A quick recap of today and history

Something must be in the air, or the water; or in the specific air I breathe or the water only I’m drinking. I haven’t been this cranky in a long, long time. Is it the springtime? Is something bestial or primitive or Id-aggressive waking from hibernation? Does anyone else feel this way?

The trees are budding, though. Little, sprouting leaves will become bolder as the season progresses. This makes me happy. Or, at least, something inside fights for the sunshine and cheer.

I won’t be able to raise my history grade. I guess I’m okay with a B. The last exam was really close to breaking 90%: the essay section even earned “nice analysis,” “cool analysis,” and “nice turn of phrase” in the margins, which says more of my critical thinking than my ability to regurgitate information. Fine by me, I say. This is so much better than I was doing the last semester I was here. It would be nice to have a better rote memory, though. … I do love the class, nevertheless. That I can pay attention the entire 150 minutes says a lot about the subject matter and the instructor.

I spoke with my academic advisor today. I really need to take intro to creative writing. While short stories and essays have my utmost attention now, I’ve also developed an affinity for poetry that I can’t explain. We discussed Gertrude Stein today in history class. We read the first four sections from Tender Buttons. If you haven’t read this, give it a try. It’s a trip. It might help to know Cubism heavily influenced Gertie’s poetry. Anyway, I commented on a part of it in class, and I felt comfortable doing it.

We also discussed T.S. Eliot’s “The Love Song of J. Alfred Prufrock,” and I fell in love with words and language all over again.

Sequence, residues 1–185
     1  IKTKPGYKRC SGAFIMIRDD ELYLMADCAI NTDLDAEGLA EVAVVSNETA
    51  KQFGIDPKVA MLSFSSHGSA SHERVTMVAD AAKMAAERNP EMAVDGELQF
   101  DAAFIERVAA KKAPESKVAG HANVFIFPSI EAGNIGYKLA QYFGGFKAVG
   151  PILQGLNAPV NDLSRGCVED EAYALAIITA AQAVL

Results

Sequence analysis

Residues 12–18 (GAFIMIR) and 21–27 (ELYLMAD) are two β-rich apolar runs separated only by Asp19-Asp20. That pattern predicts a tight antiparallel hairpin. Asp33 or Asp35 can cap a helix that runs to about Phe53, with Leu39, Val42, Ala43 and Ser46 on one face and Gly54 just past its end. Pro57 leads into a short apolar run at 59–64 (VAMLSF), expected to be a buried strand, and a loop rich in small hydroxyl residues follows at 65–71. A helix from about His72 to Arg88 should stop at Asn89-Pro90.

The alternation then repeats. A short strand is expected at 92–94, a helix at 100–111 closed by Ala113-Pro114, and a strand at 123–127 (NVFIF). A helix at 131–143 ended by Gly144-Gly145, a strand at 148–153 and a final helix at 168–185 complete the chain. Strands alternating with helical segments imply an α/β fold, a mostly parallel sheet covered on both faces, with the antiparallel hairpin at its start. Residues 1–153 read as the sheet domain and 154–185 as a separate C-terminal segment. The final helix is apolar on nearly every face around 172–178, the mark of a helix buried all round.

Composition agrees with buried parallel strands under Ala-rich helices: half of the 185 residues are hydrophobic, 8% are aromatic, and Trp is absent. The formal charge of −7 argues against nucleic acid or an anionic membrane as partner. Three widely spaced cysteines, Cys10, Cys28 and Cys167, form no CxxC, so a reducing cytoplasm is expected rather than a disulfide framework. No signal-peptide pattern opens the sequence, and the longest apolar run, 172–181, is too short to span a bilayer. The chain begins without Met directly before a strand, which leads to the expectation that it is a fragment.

Another thing about my history class: The text has a color photo section, and the last leaf has a picture of The Gates exhibit that was in Central Park back in 2005.  I stared at that photo, and deep nostalgia took over me. I almost cried.

Well, I have less doubt that I’m in the right major. This feels pretty good.

Now, if only I can fight the urge to wring people’s necks.

Because I’m in the Mood for T.S. Eliot

The dove descending breaks the air
With flame of incandescent terror
Of which the tongues declare
The one discharge from sin and error.
The only hope, or else despair
Lies in the choice of pyre or pyre —
To be redeemed from fire by fire.

Who then devised the torment? Love.
Love is the unfamiliar Name
Behind the hands that wove
The intolerable shirt of flame
Which human power cannot remove.
We only live, only suspire
Consumed by either fire or fire.

–From “Little Gidding,” part of The Four Quartets

The other stanzas are at least twice as long. This is the entire fourth stanza. That’s all it needed to be. Check out the way the fifth stanza closes:

We shall not cease from exploration
And the end of all our exploring
Will be to arrive where we started
And know the place for the first time.
Through the unknown, unremembered gate
When the last of earth left to discover
Is that which was the beginning;
At the source of the longest river
The voice of the hidden waterfall
And the children in the apple-tree
Not known, because not looked for
But heard, half-heard, in the stillness
Between two waves of the sea.
Quick now, here, now, always—
A condition of complete simplicity
(Costing not less than everything)
And all shall be well and
All manner of thing shall be well
When the tongues of flame are in-folded
Into the crowned knot of fire
And the fire and the rose are one.

Read the whole thing sometime. I mean, all quartets. It’s powerful; it’s worth it. You’ll see why the man received the Nobel Prize in Literature.